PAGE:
Despite a greater recognition of the danger of concussions, particularly in athletes, much about the condition remains unknown. Effective treatment options still elude doctors, even as unproven approaches like hyperbaric chambers become common.
In the majority of cases, rest will lead to a full recovery, but sometimes symptoms linger. When they do, patients can experience long-term, debilitating symptoms like pain or vertigo. What is the historical understanding of concussion, and its treatment?
Much of the literature surrounding concussions in JSTOR was published during war years, between 1915 and 1919, with another surge in 1943-1944. By 1915, for example, two years of brutal combat brought the first important lesson in concussion treatment, that sometimes less is more. Medics and battlefield surgeons came to the then-outlandish conclusion that radical brain surgery was not always wise.
It was not until 1944, with another war underway, that the true nature of concussion became understood. Writing in the British Medical Journal, Geoffrey Jefferson correctly realized that the symptoms of concussion were caused by “commotion” (movement) of the brain, and the severity depended on how much shaking the brain endured. An extensive correspondence developed in regards to Jefferson’s paper played out in the pages of the British Medical Journal, hotly debating the nature of consciousness. It seems a strange avenue to pursue, given the urgent need for effective treatment of brain injuries.
By the 1970s, efforts to treat concussion became more systematic. A 1972 study came to the surprisingly progressive conclusion that active treatment, e.g. therapy, should be determined on a case by case basis, considering age and other factors. The doctors sometimes considered the psychology of treatment, prescribing physical therapy less because it was useful than to alleviate the fears of older patients.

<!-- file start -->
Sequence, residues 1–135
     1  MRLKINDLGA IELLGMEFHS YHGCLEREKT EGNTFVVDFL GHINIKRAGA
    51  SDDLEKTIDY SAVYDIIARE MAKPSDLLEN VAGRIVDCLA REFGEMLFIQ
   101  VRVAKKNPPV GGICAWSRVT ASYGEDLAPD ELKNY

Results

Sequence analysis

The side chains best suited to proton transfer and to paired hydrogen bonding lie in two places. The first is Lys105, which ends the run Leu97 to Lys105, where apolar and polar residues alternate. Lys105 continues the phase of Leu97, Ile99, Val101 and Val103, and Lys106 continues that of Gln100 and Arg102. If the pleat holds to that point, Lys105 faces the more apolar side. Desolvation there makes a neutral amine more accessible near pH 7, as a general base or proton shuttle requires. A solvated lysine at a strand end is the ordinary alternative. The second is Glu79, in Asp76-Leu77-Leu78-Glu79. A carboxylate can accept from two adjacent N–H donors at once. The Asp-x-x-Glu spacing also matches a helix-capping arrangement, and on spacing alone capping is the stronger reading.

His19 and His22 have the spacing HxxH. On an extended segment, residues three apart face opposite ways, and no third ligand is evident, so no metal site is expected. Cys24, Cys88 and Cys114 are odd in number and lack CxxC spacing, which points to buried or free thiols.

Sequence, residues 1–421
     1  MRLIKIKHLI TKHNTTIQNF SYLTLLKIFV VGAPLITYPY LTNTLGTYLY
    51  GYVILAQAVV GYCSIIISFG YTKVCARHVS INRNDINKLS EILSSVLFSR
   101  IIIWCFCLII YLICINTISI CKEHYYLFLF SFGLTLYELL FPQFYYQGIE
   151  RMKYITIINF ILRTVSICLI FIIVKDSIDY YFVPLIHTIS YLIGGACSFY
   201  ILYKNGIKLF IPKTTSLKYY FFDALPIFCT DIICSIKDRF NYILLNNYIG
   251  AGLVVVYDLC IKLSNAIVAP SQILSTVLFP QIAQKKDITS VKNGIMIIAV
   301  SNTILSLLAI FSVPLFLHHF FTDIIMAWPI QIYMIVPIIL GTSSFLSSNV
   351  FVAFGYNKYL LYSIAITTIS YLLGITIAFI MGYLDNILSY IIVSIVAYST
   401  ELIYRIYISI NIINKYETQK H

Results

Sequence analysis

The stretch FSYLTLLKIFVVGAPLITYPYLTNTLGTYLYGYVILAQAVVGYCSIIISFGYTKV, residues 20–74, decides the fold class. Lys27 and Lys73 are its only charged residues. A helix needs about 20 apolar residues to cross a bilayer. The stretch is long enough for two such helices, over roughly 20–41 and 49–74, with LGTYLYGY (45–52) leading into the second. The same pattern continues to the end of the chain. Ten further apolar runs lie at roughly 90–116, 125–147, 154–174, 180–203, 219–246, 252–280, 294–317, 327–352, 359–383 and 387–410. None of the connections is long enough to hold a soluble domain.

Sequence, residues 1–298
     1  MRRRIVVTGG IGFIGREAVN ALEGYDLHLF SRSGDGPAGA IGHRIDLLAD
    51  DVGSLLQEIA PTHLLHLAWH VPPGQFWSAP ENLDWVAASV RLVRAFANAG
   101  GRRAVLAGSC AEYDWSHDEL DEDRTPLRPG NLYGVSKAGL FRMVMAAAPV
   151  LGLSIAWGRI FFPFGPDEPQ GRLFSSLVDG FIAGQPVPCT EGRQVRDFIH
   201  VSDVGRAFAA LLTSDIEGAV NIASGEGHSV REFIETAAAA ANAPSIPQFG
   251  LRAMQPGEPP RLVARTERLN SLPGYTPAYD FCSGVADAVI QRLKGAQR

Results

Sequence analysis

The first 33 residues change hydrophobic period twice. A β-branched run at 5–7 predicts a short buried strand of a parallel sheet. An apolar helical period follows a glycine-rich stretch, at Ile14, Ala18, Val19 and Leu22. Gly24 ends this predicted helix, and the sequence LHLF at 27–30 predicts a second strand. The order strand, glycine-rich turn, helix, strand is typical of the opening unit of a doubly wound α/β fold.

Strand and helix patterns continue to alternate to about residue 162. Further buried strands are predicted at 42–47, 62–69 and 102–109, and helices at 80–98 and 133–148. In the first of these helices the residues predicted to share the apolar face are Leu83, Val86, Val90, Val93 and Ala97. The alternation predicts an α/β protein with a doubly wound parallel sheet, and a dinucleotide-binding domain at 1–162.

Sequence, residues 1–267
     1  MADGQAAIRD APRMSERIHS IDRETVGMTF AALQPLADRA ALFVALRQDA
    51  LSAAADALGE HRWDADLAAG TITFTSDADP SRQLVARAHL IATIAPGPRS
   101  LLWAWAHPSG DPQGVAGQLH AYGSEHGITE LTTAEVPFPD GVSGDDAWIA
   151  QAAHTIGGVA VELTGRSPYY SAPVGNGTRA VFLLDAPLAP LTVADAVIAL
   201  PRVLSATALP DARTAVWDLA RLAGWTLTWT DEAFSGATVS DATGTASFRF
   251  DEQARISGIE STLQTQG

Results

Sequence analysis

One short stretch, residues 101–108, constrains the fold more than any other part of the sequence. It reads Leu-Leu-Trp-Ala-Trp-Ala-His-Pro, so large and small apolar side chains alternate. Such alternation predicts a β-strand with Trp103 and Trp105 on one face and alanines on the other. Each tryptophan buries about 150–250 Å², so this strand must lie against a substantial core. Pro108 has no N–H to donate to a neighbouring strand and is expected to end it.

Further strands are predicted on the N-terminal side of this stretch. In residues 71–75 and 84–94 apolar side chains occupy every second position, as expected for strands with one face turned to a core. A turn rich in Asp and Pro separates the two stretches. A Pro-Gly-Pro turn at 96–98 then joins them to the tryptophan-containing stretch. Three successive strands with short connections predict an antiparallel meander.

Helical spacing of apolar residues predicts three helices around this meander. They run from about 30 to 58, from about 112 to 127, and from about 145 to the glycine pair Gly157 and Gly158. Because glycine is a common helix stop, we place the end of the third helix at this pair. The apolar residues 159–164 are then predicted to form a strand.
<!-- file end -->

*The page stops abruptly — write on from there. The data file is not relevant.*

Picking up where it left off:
The authors also stressed the value of consistency, especially the need for one doctor to follow a patient for the duration of their recovery. Perhaps the biggest surprise, in our age of managed care organizations and defensive medicine, is the consideration given to the patient’s financial needs. The extra effort and expense of more active care was justified because it allowed patients to return to work much earlier!
Treatment of concussion has not progressed much further in 2015. Some things are clear, i.e. rest is good and multiple concussions are very bad, but surefire treatments still don’t exist. T
he U.S. military has taken a particular interest in concussion research, as once again brain injuries afflict combat veterans. Effective treatment is further complicated by extensive overlap between concussions and PTSD. Hopefully the renewed interest in concussion will bear fruit.